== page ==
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Not All Wiring Systems Are the Same – Learn What Is Compatible with BlazeMaster® CPVC

By: Lainey Liotta on August 13th, 2019

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Not All Wiring Systems Are the Same – Learn What Is Compatible with BlazeMaster® CPVC

Chemical Compatibility

In the course of installing a CPVC fire sprinkler system in virtually any setting, the potential for the pipe and fittings to come into contact with flexible wire and cable presents itself. While BlazeMaster® CPVC realizes that this may be inevitable, we strongly recommend that fire protection system installers do their best to work with other contractors and review jobsite notification documents from piping manufacturers to avoid such contact if at all possible. If building design requires that the piping and wiring/cabling be installed in tight spaces where contact is unavoidable, consider using a compatible material as a buffer between the two.

The key is knowing the chemical composition of the materials that may come in contact with the piping and fittings. Typically, wire that carries electricity is jacketed with compatible compounds such as nylon or polyolefins.

Wire that carries signal, however, is typically jacketed with plasticized vinyl to protect the signal quality from outside noise and for fire safety in plenums. Just as with caulks and firestops, the plasticizer may cause softening or cracking of CPVC, depending on factors such as temperatures or stress.


Chemical Compatibility is a Question  

There are no approved flexible wiring or cabling products included in the Lubrizol Advanced Materials FBCTM System Compatible Program. There are so many brands of such products and their markets are so large that no manufacturer has taken the step of submitting such products for testing within the program.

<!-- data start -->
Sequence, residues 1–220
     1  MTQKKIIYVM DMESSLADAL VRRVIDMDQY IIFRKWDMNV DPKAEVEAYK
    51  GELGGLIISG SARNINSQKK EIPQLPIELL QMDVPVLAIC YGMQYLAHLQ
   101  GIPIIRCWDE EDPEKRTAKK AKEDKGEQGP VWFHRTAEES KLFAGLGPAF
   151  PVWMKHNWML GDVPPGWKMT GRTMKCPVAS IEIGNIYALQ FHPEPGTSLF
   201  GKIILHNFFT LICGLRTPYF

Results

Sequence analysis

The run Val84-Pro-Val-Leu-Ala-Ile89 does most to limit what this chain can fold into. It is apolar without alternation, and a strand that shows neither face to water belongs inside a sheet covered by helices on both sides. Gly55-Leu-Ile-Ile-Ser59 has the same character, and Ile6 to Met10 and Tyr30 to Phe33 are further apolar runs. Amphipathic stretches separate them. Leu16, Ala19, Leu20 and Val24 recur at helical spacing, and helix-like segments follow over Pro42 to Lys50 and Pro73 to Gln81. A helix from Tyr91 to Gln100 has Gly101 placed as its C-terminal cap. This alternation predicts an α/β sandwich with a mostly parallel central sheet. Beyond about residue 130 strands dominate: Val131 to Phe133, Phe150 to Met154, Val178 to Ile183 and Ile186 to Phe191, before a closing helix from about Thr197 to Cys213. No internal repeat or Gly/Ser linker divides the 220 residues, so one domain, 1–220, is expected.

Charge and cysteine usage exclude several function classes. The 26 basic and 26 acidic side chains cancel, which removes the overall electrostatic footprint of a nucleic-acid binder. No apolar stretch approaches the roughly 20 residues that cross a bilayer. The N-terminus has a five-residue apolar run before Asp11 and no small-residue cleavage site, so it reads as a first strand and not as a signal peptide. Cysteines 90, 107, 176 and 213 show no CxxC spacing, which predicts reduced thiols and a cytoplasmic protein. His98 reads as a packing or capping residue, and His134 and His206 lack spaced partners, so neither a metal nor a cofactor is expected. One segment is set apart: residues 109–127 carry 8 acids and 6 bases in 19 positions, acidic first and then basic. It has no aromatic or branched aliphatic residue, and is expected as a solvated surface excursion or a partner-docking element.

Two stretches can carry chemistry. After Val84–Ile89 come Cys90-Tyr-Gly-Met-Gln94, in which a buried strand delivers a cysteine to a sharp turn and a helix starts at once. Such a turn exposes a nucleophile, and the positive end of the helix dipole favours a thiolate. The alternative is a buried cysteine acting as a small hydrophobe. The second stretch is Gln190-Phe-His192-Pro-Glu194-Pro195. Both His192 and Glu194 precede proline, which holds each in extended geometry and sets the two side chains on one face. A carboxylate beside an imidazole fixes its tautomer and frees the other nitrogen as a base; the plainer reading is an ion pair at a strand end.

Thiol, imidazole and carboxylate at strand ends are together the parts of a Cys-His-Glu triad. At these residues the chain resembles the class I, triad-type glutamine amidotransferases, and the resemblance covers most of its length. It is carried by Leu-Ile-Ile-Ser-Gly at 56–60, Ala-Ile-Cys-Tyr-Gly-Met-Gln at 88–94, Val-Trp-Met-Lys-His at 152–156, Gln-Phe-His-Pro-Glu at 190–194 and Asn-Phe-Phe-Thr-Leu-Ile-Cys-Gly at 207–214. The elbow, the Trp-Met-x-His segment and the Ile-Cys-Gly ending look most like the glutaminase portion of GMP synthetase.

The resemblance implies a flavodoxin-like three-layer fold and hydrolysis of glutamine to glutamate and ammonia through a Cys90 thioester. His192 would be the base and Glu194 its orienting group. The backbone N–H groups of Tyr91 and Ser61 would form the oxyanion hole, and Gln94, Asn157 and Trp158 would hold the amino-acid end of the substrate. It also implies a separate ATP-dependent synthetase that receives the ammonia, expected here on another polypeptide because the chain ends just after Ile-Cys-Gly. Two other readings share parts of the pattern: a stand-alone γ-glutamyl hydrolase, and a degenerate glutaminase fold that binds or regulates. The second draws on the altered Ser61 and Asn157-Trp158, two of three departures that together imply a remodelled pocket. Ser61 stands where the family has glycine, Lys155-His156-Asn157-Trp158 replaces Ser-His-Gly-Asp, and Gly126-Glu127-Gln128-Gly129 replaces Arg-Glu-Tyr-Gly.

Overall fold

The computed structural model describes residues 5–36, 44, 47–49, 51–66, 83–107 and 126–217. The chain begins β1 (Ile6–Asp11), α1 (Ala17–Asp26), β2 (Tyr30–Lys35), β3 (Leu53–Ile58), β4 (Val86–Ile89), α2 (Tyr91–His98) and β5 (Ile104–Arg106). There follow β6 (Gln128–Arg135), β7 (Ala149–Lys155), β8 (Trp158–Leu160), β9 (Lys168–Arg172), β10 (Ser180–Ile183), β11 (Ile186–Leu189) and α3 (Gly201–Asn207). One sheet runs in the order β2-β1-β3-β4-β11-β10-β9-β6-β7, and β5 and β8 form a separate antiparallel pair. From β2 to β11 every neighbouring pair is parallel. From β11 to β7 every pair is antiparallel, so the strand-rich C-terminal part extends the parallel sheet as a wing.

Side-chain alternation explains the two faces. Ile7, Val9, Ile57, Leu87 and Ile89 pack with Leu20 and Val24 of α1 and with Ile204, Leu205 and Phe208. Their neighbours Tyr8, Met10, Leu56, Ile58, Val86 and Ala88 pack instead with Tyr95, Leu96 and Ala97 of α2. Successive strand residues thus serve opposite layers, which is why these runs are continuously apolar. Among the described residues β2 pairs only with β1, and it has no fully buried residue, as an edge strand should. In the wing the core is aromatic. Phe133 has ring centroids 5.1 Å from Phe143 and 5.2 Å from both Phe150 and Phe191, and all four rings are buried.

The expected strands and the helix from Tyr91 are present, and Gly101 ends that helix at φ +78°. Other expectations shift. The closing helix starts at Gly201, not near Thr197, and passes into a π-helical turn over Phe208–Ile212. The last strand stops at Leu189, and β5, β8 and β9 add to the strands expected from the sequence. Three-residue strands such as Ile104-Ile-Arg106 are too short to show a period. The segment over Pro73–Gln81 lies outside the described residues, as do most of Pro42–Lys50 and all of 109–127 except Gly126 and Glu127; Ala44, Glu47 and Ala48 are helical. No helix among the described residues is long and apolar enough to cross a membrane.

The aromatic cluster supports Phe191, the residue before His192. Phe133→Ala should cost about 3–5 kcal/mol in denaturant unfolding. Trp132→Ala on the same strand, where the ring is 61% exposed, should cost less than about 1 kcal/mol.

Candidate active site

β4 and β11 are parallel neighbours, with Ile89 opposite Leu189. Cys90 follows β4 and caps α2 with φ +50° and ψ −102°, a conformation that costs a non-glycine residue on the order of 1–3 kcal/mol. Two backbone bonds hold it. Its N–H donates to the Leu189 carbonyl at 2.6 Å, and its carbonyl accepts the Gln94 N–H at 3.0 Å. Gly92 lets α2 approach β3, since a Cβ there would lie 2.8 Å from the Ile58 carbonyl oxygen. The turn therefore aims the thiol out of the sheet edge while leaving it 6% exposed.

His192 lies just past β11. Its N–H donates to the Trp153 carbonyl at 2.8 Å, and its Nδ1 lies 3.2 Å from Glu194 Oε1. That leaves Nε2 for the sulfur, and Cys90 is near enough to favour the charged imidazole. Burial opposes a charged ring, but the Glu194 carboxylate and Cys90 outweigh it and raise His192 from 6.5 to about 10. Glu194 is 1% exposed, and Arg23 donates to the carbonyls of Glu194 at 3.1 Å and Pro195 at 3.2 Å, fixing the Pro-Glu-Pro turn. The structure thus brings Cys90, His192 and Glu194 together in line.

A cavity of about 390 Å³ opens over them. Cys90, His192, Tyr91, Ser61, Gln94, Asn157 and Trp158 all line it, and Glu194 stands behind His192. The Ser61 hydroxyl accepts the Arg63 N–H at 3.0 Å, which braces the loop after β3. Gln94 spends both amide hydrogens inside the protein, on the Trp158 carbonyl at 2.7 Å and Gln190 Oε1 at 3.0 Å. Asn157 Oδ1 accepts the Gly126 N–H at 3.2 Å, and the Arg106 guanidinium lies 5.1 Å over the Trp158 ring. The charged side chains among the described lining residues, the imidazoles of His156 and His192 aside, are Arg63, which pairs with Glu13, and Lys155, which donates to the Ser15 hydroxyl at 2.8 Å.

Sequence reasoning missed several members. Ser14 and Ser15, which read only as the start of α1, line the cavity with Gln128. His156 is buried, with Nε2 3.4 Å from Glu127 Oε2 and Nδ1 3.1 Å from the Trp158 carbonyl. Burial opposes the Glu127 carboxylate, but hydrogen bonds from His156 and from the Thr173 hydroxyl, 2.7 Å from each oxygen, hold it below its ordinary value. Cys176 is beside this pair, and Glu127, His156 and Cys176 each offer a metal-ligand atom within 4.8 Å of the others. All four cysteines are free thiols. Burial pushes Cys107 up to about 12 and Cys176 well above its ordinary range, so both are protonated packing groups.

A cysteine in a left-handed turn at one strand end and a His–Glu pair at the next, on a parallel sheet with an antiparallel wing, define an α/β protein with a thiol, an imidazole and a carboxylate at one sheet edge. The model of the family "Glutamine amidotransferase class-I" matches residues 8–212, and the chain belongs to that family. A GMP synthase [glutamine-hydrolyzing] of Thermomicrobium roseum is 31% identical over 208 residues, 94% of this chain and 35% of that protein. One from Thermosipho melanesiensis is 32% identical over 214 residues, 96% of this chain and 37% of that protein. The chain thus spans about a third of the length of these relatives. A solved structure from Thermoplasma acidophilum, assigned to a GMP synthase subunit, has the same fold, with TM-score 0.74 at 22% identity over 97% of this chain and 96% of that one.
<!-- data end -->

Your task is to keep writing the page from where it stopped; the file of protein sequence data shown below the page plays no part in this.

We do address the issue of flexible wiring and cable on the program’s Other Compatibility Topics page, and make the following recommendations that should be strongly considered.

Flexible Wiring and Cable: Nylon or polyolefin jacketing used on many types of standard electricity-carrying wire is not incompatible with CPVC. Plasticized vinyl jacketing, which is often used on communications or signal-carrying wire is often incompatible with CPVC. Contact with vinyl-jacketed wires should be avoided. 
Section 334.30 of the National Electric Code (2002 Edition) requires wire and cable to be secured by staples, cable ties, straps or hangers. Air ducts, pipes and ceiling grid are not acceptable supports for wire and cable.

Rubber and Flexible Materials Containing Plasticizers: CPVC is not compatible with some rubber and flexible plastic materials containing certain types of plasticizers. Incompatible plasticizers include, but are not limited to, phthalates, adipates, trimellitates and dibenzoates. Compatibility should be confirmed before selecting rubber or flexible vinyl materials for direct contact with CPVC. Examples of materials which may contain incompatible plasticizers include, but are not limited to, caulks, rubber or elastomeric hanger padding, vinyl dip coating on metal parts, rubber gaskets, electrical wire jacketing, electrical tape, and flexible hoses or tubes.


NFPA 70 Recommendations

The National Electrical Code’s NFPA 70, section 334.30 states: “Nonmetallic-sheathed cable shall be supported and secured by staples, cable ties, straps, hangers or similar fittings designed and installed so as not to damage the cable.”

This applies to all types of wire and cable installed according to the National Electical Code. It means that piping is NEVER an acceptable means of supporting wire and cable.

We make it easy for you to receive fast, reliable installation advice and support should you ever face a challenge regarding BlazeMaster CPVC and flexible wiring and cable. Tech support is never more than a click away.

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